On a separate issue, I’m having WordPress problems. One is with the “like” function. I don’t mean to put you on the spot, but did you click on it for this post? Would be helpful for me to know. Many thanks, and take care.


      1. I’ve been having problems with the “like” function for a while, so I gave up trying. This time, however, it worked! Be aware that I like all of your posts, even if my official “ like” isn’t recorded.

        Liked by 1 person

  3. Annie,
    Would it have killed your doc to wear the mask if for no other reasons than to set a good example and that his clients are uncomfortable with his 1/2 masked face? His attempt at bravado would have sent me looking for a new doc.
    Interesting post and maybe the science is going to lead to promising results.

    Liked by 1 person

  4. Actually, he said he lowers it occasionally because it fogs his glasses.

    I think it was less bravado than it was his absolute certainty. And since my choices are that I see him—or one of his colleagues— in six months, or sit in a crowded room at the hospital where my drs’ asst told me people weren’t wearing masks and were walking around talking on their cell phones— or get a prescription from my dr to self-inject—to the tune of $800 bc that’s my copay when no health professional is involved, I plan to stay with the guy with certitude. Thanks, though.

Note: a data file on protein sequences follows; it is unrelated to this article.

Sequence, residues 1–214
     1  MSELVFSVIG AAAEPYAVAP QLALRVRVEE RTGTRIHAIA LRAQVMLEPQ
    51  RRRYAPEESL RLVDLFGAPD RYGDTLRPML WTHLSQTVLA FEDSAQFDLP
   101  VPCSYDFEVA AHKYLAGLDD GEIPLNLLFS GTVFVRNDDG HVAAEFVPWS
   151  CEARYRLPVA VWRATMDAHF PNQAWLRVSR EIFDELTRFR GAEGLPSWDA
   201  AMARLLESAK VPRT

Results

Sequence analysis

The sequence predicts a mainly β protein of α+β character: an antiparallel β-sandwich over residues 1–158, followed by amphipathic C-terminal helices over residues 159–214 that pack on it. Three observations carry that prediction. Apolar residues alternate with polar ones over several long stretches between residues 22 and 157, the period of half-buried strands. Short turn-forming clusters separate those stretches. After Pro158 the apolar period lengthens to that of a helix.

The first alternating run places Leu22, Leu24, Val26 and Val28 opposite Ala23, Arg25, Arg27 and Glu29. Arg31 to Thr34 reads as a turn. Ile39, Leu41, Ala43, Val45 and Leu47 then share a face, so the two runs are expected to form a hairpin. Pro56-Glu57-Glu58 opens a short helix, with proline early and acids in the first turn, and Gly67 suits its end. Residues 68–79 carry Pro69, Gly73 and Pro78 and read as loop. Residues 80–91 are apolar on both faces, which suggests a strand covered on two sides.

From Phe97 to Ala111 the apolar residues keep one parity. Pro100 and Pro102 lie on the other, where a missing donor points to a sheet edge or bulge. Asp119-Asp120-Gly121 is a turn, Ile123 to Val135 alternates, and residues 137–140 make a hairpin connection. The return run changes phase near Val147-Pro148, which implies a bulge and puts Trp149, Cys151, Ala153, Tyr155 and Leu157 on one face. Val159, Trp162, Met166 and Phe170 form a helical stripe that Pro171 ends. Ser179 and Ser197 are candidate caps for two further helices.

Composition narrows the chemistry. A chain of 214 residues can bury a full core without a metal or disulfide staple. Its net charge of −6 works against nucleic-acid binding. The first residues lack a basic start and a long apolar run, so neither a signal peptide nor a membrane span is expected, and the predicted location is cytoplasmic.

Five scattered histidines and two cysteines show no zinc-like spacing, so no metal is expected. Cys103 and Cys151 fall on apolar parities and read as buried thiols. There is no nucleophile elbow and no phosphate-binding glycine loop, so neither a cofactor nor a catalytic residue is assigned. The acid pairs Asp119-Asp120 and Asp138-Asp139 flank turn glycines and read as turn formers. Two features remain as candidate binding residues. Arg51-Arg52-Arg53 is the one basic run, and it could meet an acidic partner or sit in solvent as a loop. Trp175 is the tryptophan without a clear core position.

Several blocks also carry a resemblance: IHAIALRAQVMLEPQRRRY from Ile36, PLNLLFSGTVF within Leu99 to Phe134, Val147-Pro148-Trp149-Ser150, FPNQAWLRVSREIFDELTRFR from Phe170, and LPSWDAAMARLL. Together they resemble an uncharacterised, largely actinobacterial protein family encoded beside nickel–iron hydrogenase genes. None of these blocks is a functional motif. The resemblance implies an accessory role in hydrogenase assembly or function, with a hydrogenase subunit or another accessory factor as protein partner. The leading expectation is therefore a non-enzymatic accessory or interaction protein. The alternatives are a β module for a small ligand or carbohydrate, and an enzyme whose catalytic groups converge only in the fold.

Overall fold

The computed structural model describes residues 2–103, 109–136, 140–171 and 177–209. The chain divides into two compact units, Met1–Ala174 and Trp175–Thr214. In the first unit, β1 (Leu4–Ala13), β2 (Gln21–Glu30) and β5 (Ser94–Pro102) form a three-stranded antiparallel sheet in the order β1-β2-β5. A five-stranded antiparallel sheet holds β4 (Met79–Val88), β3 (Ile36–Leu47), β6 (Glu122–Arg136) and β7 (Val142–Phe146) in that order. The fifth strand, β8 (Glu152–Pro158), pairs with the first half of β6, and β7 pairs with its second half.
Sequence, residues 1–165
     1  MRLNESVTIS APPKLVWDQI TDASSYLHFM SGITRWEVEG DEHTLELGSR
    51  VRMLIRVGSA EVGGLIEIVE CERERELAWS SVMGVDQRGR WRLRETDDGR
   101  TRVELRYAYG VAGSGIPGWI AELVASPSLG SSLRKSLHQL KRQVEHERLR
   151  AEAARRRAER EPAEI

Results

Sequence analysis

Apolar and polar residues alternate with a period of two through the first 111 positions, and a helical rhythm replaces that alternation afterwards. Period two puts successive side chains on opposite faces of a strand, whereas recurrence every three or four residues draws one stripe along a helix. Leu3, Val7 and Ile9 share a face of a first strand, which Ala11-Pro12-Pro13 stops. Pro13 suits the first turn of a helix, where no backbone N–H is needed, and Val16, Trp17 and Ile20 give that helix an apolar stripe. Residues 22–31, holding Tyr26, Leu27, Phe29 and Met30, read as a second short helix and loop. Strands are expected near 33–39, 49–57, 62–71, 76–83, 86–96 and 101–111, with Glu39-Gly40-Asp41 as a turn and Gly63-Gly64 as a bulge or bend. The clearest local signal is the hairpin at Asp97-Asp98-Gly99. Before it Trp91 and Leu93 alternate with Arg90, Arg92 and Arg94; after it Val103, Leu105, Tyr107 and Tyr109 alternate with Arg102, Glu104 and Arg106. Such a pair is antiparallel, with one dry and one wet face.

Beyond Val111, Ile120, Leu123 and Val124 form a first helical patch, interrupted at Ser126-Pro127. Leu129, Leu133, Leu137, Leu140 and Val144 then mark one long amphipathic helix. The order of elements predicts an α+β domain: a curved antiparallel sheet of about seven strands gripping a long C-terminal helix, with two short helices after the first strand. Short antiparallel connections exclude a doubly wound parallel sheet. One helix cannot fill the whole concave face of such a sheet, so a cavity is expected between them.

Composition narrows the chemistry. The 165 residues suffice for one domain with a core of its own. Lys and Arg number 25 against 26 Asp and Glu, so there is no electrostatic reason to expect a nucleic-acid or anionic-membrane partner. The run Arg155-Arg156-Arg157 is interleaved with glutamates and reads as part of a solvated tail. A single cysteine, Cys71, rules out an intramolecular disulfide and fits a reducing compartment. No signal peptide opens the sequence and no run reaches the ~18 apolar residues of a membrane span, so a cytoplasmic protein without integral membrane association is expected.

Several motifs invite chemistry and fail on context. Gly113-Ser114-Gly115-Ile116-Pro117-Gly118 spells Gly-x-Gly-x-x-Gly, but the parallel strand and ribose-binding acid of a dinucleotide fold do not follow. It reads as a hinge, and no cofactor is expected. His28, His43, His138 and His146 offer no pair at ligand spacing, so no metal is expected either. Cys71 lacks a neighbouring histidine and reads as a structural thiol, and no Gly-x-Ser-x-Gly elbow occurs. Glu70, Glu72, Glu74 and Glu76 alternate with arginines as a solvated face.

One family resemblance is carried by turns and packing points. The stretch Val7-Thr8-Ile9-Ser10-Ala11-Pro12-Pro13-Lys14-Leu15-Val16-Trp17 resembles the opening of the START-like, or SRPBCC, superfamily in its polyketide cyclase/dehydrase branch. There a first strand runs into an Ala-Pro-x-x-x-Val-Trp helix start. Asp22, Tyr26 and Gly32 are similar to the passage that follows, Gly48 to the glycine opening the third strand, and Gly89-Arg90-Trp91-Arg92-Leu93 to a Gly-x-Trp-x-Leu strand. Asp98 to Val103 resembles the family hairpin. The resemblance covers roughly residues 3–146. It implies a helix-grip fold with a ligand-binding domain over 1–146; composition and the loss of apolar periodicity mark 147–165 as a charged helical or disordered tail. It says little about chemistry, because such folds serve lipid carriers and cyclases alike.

1. Thanks so much for breaking through my WP travails, Sheree. Much appreciated. My “Mid-Pandemic, Anti-Panic, Slightly Manic Flight of…Oh, I Dunno” also didn’t make it to you, I believe. That’s short and light, if you’re interested. By the way, the “like” feature isn’t working either.

      Liked by 1 person

  5. It sounds to me like your doctor and the research you have reviewed is another way of saying that the idea of herd immunity has some legs after all. Mankind has been assaulted by communicable diseases for who knows how many millennia and we’re still here even without modern medicine for all but the last, what, 80 years? If the science doesn’t replicate or explain reality, there’s something wrong with the science.


    1. Herd mentality sure didn’t turn out well for the U.K. or Sweden. And if you assume that was the thinking of the governors in Florida and Texas and elsewhere, it sure hasn’t turned out well there either.